Shakirah Bourne (director)
82 mins (length)
04 February 2018 (released)
04 February 2018
Just how many great films can you name that are loosely based on plays by William Shakespeare? Academy award best picture winner West Side Story, classic Disney animation The Lion King, Akira Kurosawa’s epics Ran and Throne of Blood, high quality 00’s rom-coms She’s the Man and 10 Things I Hate About You, to name just a few. Adding another entry to the long list, A Caribbean Dream updates the magical comedy A Midsummer Night’s Dream, moving the setting of the story from ancient Athens to an unnamed modern day Caribbean island.
Hermia and Lysander are in love, but Hermia’s father insists she must marry Demetrius, who rejects Helena’s doting in his pursuit of Hermia. The lovers decide to elope, travelling into the woods late at night. Here they encounter the sprites of the forest, themselves engaged in a conflict of love. Fairy king Oberon seeks the love of Titania, commanding his servant Puck to enchant her in order to gain her favour. Puck takes it upon himself to come to the aid of the humans, and hijinks ensue when everyone begins to fall in love with the wrong person. Along the way, a troupe of fishermen performing a play, a collection of jokes about a person’s height, and a woman turned into a donkey all feature.
It is impossible to miss the vibrancy instilled in the film, recalling the unsubtle emotion of Almodovar or Yimou Zhang’s Hero. The visual exploration of the island falls somewhere between the holiday destination showcasing present in rom-coms such as Couples Retreat and Blended, and the quiet unveiling of mystic opulence as in Embrace of the Serpent. Disappointingly, the film lands closer to the former. This is just one example of director Shakirah Bourne’s bold, if a little unrefined, style. Many of Shakespeare’s jokes are delivered in almost pantomime style, ironically making them too obvious to be humourous. In a strong ensemble cast there isn’t one performer that stands out, and it is a shame that the visual effects are a little basic. One noticeable change Bourne has made to the original is the choice to age young fairy Puck. It is Puck’s mistake to meddle in the lives of the humans, and casting middle aged Patrick Michael Foster seems an attempt to add wisdom where playfulness is required. Just as in Kenneth Branagh’s recent production of Romeo and Juliet, where the role of Mercutio was played by theatrical legend Derek Jacobi, some of the youthful mischief and passion is lost from the role, replaced by a sort of bumbling confusion.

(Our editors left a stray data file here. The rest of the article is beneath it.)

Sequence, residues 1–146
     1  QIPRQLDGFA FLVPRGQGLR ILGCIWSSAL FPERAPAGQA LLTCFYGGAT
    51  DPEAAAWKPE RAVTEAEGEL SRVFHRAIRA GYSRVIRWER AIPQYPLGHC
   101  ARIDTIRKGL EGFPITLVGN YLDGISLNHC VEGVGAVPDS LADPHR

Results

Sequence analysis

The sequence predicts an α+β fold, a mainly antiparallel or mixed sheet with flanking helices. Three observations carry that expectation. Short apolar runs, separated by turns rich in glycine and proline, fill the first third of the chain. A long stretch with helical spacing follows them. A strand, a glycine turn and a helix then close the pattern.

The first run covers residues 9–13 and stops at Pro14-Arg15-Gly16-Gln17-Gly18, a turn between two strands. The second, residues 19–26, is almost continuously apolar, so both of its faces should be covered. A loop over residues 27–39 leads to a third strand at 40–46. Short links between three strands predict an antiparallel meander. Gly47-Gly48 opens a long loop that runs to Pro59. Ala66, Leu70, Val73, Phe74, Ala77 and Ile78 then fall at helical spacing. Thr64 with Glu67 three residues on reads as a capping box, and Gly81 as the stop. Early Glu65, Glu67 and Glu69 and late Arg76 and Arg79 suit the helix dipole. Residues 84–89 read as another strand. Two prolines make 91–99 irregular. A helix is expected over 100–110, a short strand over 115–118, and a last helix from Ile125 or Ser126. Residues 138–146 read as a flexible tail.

Every adaptation is made for a reason, usually as a modern update or translation into a different culture, showing the timelessness and universality of the Bard’s words. A Caribbean Dream is no exception, showing that love is not confined to Ancient Greece or indeed 16th Century England. As much as it is endearing to see a film imbued with such Caribbean spirit, one can’t help but wonder if this update added much to an already fantastic play. Shakespeare’s script is packed with plenty of comedy and heart-warming magic, and somehow this adaptation seems to lose a little of both. A Caribbean Dream might not ever be heralded as one of the great Shakespeare re-imaginings, but it is dutifully added to the ranks, landing somewhere between Kenneth Branagh’s straightforward Much Ado About Nothing, and the downright unwatchable Gnomeo and Juliet.